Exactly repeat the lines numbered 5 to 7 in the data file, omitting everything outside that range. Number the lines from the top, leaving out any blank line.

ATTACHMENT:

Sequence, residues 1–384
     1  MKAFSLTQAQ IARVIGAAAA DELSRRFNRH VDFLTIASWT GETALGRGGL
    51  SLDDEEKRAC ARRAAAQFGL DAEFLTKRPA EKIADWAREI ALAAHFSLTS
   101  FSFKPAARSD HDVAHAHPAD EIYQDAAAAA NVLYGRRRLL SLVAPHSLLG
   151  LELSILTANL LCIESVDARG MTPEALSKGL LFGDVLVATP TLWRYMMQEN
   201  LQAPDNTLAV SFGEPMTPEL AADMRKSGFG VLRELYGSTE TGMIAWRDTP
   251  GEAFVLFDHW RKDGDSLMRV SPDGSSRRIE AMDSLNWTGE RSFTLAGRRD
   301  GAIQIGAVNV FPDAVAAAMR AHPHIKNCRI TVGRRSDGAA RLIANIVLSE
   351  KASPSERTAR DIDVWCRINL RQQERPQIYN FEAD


   151  LELSILTANL LCIESVDARG MTPEALSKGL LFGDVLVATP TLWRYMMQEN
   201  LQAPDNTLAV SFGEPMTPEL AADMRKSGFG VLRELYGSTE TGMIAWRDTP
   251  GEAFVLFDHW RKDGDSLMRV SPDGSSRRIE AMDSLNWTGE RSFTLAGRRD